When Customers Become Competitors

We’ve reached an inflection point where the largest cloud players — the Googles, the Facebooks, the Amazons, some of the major carriers who have given thought to such matters — have figured out that they can build their own hardware infrastructure, or order it off the shelf from ODMs, and get it to do everything they need it to do (they have relatively few revenue-generating applications to consider) at a lower operating cost than if they kept buying relatively feature-laden, more-expensive gear from hardware vendors.

As one might imagine, this represents a major business concern for the likes of HP, as well as for Cisco and others who’ve built a considerable business selling hardware at sustainable margins to customers in those markets. An added concern is that enterprise customers, starting with many SMBs, have begun transitioning their application workloads to cloud-service providers. The vendor problem, then, is not only that the cloud market is growing, but also that segments of the enterprise market are at risk.

Attempt to Reset Technology Agenda

The vendors recognize the problem, and they’re doing what they can to adapt to changing circumstances. If the biggest web-scale cloud providers are moving away from reliance on them, then hardware vendors must find buyers elsewhere. Scores of cloud service providers are not as big, or as specialized, or as resourceful as Google, Facebook, or Microsoft. Those companies might be considering the paths their bigger brethren have forged, with initiatives such as the Open Compute Project and OpenFlow (for computing and networking infrastructure, respectively), but perhaps they’re not entirely sold on those models or don’t think they’re quite right  for their requirements just yet.

This represents an opportunity for vendors such as HP to reset the technology agenda, at least for these sorts of customers. Hence, Project Moonshot, which, while clearly ambitious, remains a work in progress consisting of the Redstone Server Development Platform, an HP Discovery Lab (the first one is in Houston), and HP Pathfinder, a program designed to create open standards and third-party technology support for the overall effort.

I’m not sure I understand who will buy the initial batch of HP’s “extreme low-power servers” based on Calxeda’s EnergyCore ARM server-on-a-chip processors. As I said before, and as an article at Ars Technica explains, those buyers are unlikely to be the masters of the cloud universe, for both technological and business reasons. For now, buyers might not even come from the constituency of smaller cloud providers

Friends Become Foes, Foes Become Friends (Sort Of)

But HP is positioning itself for that market and to be involved in those buying decisions relating to the energy-efficient system architectures.  Its Project Moonshot also will embrace energy-efficient microprocessors from Intel and AMD.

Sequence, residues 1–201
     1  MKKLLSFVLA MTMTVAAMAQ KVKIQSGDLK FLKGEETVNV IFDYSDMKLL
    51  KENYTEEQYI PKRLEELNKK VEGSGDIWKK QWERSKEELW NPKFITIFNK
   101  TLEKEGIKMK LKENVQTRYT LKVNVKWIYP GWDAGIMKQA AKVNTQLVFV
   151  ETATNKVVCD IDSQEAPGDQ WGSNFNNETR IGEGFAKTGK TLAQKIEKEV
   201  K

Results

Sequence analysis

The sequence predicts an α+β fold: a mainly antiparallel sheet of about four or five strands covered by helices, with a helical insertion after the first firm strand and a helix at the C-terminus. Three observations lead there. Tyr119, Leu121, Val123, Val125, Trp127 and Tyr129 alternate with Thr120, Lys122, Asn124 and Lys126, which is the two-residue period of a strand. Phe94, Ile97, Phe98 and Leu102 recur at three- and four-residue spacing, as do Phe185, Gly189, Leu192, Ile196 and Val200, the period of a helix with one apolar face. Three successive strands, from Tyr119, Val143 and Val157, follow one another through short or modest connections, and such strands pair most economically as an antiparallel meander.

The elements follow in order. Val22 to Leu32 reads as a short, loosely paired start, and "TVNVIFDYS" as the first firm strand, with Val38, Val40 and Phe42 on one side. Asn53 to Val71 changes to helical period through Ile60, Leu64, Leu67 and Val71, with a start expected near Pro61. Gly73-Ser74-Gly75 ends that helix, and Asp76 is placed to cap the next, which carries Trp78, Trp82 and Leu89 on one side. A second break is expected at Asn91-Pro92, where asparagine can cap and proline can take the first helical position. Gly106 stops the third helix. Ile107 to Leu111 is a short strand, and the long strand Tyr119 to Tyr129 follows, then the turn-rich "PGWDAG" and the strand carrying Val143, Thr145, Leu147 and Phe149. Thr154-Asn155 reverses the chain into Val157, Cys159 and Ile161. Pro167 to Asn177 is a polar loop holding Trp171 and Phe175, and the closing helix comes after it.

Incidentally, what’s most interesting here is not that HP adopted an ARM-based chip architecture before opting for an Intel server chipset — though that does warrant notice — but that Project Moonshot has been devised not so much as to compete against other server vendors as it is meant to provide a rejoinder to an open-computing model advanced by Facebook and others.

Just a short time ago, industry dynamics were relatively easy to discern. Hardware and system vendors competed against one another for the patronage of service providers and enterprises. Now, as cloud computing grows and its business model gains ascendance, hardware vendors also find themselves competing against a new threat represented by mammoth cloud service providers and their cost-saving DIY ethos.

Intel-Microsoft Mobile Split All Business

In an announcement today, Google and Intel said they would work together to optimize future versions of the  Android operating system for smartphones and other mobile devices powered by Intel chips.

It makes good business sense.

Pursuit of Mobile Growth

Much has been made of alleged strains in the relationship between the progenitors of Wintel — Microsoft’s Windows operating system and Intel’s microprocessors — but business partnerships are not affairs of the heart; they’re always pragmatic and results oriented. In this case, each company is seeking growth and pursuing its respective interests.

I don’t believe there’s any malice between Intel and Microsoft. The two companies will combine on the desktop again in early 2012, when Microsoft’s Windows 8 reaches market on PCs powered by Intel’s chips as well as on systems running the ARM architecture.

Put simply, Intel must pursue growth in mobile markets and data centers. Microsoft must similarly find partners that advance its interests.  Where their interests converge, they’ll work together; where their interests diverge, they’ll go in other directions.

Just Business

In PCs, the Wintel tandem was and remains a powerful industry standard. In mobile devices, Intel is well behind ARM in processors, while Microsoft is well behind Google and Apple in mobile operating systems. It makes sense that Intel would want to align with a mobile industry leader in Google, and that Microsoft would want to do likewise with ARM. A combination of Microsoft and Intel in mobile computing would amount to two also-rans combining to form . . . well, two also-rans in mobile computing.

So, with Intel and Microsoft, as with all alliances in the technology industry, it’s always helpful to remember the words of Don Lucchesi in The Godfather: Part III: “It’s not personal, it’s just business.”

Attention Shifts to Cavium After Broadcom’s Announced Buy of NetLogic

As most of you will know by now, Broadcom announced the acquisition of NetLogic Microsystems earlier this morning. The deal, expected to close in the first half of 2012, involves Broadcom paying out $3.7 billion in cash, or about $50 per NetLogic (NETL) share. For NetLogic shareholders, that’s a 57-percent premium on the company’s closing share price on Friday, September 9.

Sharp Premium